The positive effects of new entry are likely to be more dramatic if the new entrant comes from a previously undeveloped class of new drugs, which opens up some alternative pathways to treatment.  At this point, the high price for the new drug has to be put into perspective.  The amount of money that people can pay for a drug is strictly limited by their net worth. The amount of benefit that they can obtain from a drug is often measured by increased longevity and quality of life, which could be far greater than this willingness-to-pay measure.  It is therefore incumbent on the legal system to take steps to make sure that these new entries take place.  The constant sniping at the abuse of the six month co-exclusivity period, or the attacks on “product hopping” through the use of multiple patents of different strength on a given product thus have to be put in the perspective of knowing the second-best situation that exists in the new drug market.  Improvement on that margin has to be measured against the decline of new entry.

How this is to be done is hard to estimate in the abstract.  In order to get traction on this issue, it is critical to develop some data on questions that are insufficiently explored: how long do generic drugs remain on the market?  The issue here is complex because one social advantage to branded drugs is that single ownership leads to extensive advertisement which can get the drug into the hands of high demanders.  Generic drugs tend to be less promoted, and it is an open question whether the knowledge of their desirable properties in the hands of HMO offer sufficient offset for the loss of marketing efforts.  That question in turn may well depend on whether a competition between a first generation generic and a second generic patented drug will come out in favor of the former even in the face of substantial price differentials in favor of the generic drug.  Clearly there is no necessary answer to any of these questions.  But the very uncertainty about the underlying choice is reason enough to be cautious about any fresh efforts to advantage the generic drugs at the expense of their branded rivals.  And the ultimate irony may well be this: the next generation of generic drugs is the current generation of patented drugs.  Let the spigot shut too tightly and both sides of the market could suffer.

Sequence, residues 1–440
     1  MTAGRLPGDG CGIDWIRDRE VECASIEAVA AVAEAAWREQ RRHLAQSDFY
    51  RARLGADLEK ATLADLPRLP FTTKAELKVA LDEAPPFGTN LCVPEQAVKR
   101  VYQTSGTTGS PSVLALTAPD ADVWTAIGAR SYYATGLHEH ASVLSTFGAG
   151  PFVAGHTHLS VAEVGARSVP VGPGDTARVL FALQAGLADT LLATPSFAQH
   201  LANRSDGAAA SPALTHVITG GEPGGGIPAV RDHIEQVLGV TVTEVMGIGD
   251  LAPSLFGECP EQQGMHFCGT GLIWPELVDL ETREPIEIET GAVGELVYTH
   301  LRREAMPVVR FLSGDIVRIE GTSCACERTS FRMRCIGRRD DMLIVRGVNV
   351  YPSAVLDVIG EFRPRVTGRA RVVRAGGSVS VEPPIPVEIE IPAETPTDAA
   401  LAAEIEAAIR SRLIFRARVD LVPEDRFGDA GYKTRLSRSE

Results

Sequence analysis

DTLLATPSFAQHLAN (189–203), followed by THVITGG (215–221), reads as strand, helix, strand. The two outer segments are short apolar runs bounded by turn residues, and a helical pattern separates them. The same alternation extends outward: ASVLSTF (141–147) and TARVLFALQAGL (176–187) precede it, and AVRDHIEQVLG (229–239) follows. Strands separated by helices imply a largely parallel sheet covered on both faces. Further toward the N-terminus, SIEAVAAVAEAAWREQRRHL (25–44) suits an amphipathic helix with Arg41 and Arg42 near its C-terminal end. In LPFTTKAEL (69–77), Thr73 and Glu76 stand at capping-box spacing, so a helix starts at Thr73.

IV. Conclusion: What Next?